the frequency analysis window is c h a r a c t e r i z e d by displaying
white noise as a straight line. This can be misleading to the newcomer. It
should have the ability to reference pink noise instead as well as to accept
input of other reference curves and be able to display the deviation from
those. That would save the works step of applying a bias eq to sound that is
to be analyzed, be it in a music or a measurement context.
White noise is reference for virtually all FFT analyzers. Pink noise consists of equal POWER in all bands of a given width (hence the traditional Octave, 1/3, 1/6, 1/12 and 1/24th-octave bands extant on constant bandwidth analyzer windows), but since successive octaves of sound contain twice as many Hz, the power doubles from the bottom to the top of any given octave where the point-to-point Hz in it exhibit the same voltage values.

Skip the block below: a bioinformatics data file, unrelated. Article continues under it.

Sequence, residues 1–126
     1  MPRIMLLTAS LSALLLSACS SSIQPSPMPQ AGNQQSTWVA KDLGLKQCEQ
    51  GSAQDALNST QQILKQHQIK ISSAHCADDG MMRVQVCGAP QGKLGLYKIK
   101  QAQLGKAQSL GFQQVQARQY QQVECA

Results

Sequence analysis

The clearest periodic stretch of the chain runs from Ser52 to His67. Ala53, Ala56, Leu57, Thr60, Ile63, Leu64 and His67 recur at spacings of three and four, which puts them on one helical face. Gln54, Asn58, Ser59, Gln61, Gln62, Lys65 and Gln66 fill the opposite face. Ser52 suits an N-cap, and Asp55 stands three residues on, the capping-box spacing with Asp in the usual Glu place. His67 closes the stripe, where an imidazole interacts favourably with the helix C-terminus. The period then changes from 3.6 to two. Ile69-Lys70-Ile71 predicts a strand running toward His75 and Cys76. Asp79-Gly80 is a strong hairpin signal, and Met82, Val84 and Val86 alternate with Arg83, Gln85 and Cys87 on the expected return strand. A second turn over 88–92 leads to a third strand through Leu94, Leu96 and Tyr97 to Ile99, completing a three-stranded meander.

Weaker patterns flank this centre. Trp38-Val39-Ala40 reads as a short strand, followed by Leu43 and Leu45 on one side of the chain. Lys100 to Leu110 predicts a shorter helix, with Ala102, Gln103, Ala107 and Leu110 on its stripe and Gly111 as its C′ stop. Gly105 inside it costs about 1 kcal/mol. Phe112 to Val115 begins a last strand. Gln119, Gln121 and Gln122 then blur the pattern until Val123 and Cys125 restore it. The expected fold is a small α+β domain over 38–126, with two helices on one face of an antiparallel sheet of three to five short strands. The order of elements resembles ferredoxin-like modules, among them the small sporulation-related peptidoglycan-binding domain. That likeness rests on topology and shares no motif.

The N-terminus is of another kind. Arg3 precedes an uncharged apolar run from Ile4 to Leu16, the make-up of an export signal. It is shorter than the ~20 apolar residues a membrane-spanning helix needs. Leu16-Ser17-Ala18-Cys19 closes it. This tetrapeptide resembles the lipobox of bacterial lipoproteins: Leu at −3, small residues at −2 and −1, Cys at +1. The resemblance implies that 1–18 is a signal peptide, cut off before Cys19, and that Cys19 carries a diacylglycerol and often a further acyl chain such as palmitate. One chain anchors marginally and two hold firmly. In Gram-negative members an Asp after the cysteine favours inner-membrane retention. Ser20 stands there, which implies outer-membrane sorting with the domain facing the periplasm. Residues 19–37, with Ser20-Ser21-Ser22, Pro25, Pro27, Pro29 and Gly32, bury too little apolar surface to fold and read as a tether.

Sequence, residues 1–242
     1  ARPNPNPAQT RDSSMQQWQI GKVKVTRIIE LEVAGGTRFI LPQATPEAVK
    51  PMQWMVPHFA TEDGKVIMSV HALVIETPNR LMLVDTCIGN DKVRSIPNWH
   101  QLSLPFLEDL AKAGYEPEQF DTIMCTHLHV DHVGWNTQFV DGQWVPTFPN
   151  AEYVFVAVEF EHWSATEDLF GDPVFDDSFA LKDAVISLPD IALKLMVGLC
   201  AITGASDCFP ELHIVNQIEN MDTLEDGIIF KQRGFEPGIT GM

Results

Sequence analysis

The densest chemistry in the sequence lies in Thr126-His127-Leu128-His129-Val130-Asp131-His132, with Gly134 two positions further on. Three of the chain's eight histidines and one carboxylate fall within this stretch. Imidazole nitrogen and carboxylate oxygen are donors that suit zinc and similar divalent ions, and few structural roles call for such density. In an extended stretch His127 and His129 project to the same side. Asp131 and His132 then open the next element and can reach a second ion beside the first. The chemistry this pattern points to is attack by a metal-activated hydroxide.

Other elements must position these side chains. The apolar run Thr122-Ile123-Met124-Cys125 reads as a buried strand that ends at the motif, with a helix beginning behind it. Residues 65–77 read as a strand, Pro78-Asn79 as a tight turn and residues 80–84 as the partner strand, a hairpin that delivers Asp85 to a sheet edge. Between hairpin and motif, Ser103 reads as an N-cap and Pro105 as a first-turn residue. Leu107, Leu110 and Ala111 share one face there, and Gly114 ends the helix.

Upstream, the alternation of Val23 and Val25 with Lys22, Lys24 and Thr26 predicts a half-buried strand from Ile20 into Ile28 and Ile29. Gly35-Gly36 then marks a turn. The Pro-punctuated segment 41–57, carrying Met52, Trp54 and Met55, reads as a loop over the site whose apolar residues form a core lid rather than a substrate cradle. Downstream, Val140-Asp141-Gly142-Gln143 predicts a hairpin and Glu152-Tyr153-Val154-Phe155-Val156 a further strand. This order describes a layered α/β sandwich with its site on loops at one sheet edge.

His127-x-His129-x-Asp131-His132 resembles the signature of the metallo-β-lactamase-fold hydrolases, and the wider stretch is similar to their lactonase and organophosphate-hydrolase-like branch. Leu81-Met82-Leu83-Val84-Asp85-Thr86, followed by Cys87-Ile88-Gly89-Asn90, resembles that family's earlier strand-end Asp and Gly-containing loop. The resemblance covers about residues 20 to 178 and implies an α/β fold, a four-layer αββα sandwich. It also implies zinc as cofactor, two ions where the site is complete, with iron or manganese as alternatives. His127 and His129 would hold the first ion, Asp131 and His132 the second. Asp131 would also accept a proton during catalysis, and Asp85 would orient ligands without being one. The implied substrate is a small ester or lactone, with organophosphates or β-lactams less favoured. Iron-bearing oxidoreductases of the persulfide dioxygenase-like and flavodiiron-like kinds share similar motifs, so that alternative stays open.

A "pinking filter" for the FFT display isn't a bad idea, as long as a bright red indication appears to tell dummies that the display has a filter engaged. Such a pinking filter is available for SMAART, which is called an "inverse pink" filter. It levels the FFT display when pure pink noise is input. The 3 kbyte SMAART Inverse Pink file: http://drewdaniels.com/INV_PINK.ref is not presently a .dll and would need re-writing to work with other apps.